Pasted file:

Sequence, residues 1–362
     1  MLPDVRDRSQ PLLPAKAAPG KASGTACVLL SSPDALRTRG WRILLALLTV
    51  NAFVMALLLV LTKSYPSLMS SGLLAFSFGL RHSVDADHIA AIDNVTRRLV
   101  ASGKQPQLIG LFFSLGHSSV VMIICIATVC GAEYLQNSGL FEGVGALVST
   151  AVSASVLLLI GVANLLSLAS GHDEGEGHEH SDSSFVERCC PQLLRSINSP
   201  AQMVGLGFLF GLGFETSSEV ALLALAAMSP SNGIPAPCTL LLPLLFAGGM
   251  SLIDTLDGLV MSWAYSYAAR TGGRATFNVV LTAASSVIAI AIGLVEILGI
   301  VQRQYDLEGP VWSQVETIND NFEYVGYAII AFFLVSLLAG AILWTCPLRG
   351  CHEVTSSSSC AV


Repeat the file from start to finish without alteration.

Sequence, residues 1–362
     1  MLPDVRDRSQ PLLPAKAAPG KASGTACVLL SSPDALRTRG WRILLALLTV
    51  NAFVMALLLV LTKSYPSLMS SGLLAFSFGL RHSVDADHIA AIDNVTRRLV
   101  ASGKQPQLIG LFFSLGHSSV VMIICIATVC GAEYLQNSGL FEGVGALVST
   151  AVSASVLLLI GVANLLSLAS GHDEGEGHEH SDSSFVERCC PQLLRSINSP
   201  AQMVGLGFLF GLGFETSSEV ALLALAAMSP SNGIPAPCTL LLPLLFAGGM
   251  SLIDTLDGLV MSWAYSYAAR TGGRATFNVV LTAASSVIAI AIGLVEILGI
   301  VQRQYDLEGP VWSQVETIND NFEYVGYAII AFFLVSLLAG AILWTCPLRG
   351  CHEVTSSSSC AV